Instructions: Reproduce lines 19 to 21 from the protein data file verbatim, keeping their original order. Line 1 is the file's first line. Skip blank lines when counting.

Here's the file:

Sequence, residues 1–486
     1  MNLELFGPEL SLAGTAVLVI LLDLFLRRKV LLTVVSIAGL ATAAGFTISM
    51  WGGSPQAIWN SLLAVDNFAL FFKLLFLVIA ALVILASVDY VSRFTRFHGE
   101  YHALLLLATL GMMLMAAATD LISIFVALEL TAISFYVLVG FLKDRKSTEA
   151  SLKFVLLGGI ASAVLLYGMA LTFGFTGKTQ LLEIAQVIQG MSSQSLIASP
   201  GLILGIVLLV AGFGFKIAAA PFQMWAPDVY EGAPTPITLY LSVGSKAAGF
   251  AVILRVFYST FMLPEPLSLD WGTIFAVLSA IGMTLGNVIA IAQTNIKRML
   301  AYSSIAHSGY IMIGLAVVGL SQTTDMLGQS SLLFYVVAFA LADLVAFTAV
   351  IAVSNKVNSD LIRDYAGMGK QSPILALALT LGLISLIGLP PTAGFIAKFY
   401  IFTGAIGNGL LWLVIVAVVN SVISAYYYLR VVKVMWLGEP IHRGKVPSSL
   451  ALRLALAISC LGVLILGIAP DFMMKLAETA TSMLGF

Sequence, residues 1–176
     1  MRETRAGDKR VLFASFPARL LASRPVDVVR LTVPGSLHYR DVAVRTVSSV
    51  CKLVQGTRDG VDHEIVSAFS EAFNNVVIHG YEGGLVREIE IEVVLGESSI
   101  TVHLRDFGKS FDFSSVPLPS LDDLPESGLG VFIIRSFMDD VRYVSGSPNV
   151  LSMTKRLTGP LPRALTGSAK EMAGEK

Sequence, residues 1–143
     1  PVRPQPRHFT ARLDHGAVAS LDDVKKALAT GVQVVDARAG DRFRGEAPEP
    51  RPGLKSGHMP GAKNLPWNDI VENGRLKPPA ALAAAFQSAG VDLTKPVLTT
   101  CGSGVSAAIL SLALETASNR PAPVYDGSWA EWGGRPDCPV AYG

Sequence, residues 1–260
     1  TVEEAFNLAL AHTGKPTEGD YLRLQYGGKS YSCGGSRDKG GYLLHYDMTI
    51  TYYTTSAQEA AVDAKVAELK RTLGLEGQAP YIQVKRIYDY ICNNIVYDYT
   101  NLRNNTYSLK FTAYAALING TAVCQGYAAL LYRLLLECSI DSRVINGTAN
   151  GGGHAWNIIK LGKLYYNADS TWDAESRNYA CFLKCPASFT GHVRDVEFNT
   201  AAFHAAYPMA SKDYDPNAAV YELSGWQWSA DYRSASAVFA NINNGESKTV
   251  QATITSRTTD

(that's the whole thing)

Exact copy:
    51  RPGLKSGHMP GAKNLPWNDI VENGRLKPPA ALAAAFQSAG VDLTKPVLTT
   101  CGSGVSAAIL SLALETASNR PAPVYDGSWA EWGGRPDCPV AYG

Sequence, residues 1–260